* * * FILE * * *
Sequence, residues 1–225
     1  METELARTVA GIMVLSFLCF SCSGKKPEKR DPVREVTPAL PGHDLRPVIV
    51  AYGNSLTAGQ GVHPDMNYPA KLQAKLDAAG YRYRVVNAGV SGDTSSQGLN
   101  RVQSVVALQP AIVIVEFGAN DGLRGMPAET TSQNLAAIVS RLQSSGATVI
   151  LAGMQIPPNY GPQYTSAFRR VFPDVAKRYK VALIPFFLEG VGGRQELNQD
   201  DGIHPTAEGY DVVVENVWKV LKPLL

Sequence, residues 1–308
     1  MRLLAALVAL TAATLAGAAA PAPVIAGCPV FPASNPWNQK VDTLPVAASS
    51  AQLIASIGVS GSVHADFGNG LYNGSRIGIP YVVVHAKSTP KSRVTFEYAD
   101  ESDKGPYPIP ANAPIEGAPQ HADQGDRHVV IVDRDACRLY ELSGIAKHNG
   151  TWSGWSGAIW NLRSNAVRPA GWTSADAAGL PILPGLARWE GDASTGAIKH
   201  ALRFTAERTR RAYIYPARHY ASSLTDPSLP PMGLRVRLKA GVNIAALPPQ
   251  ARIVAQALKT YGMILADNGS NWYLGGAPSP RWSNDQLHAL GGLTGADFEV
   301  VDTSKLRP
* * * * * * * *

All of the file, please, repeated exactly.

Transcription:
Sequence, residues 1–225
     1  METELARTVA GIMVLSFLCF SCSGKKPEKR DPVREVTPAL PGHDLRPVIV
    51  AYGNSLTAGQ GVHPDMNYPA KLQAKLDAAG YRYRVVNAGV SGDTSSQGLN
   101  RVQSVVALQP AIVIVEFGAN DGLRGMPAET TSQNLAAIVS RLQSSGATVI
   151  LAGMQIPPNY GPQYTSAFRR VFPDVAKRYK VALIPFFLEG VGGRQELNQD
   201  DGIHPTAEGY DVVVENVWKV LKPLL

Sequence, residues 1–308
     1  MRLLAALVAL TAATLAGAAA PAPVIAGCPV FPASNPWNQK VDTLPVAASS
    51  AQLIASIGVS GSVHADFGNG LYNGSRIGIP YVVVHAKSTP KSRVTFEYAD
   101  ESDKGPYPIP ANAPIEGAPQ HADQGDRHVV IVDRDACRLY ELSGIAKHNG
   151  TWSGWSGAIW NLRSNAVRPA GWTSADAAGL PILPGLARWE GDASTGAIKH
   201  ALRFTAERTR RAYIYPARHY ASSLTDPSLP PMGLRVRLKA GVNIAALPPQ
   251  ARIVAQALKT YGMILADNGS NWYLGGAPSP RWSNDQLHAL GGLTGADFEV
   301  VDTSKLRP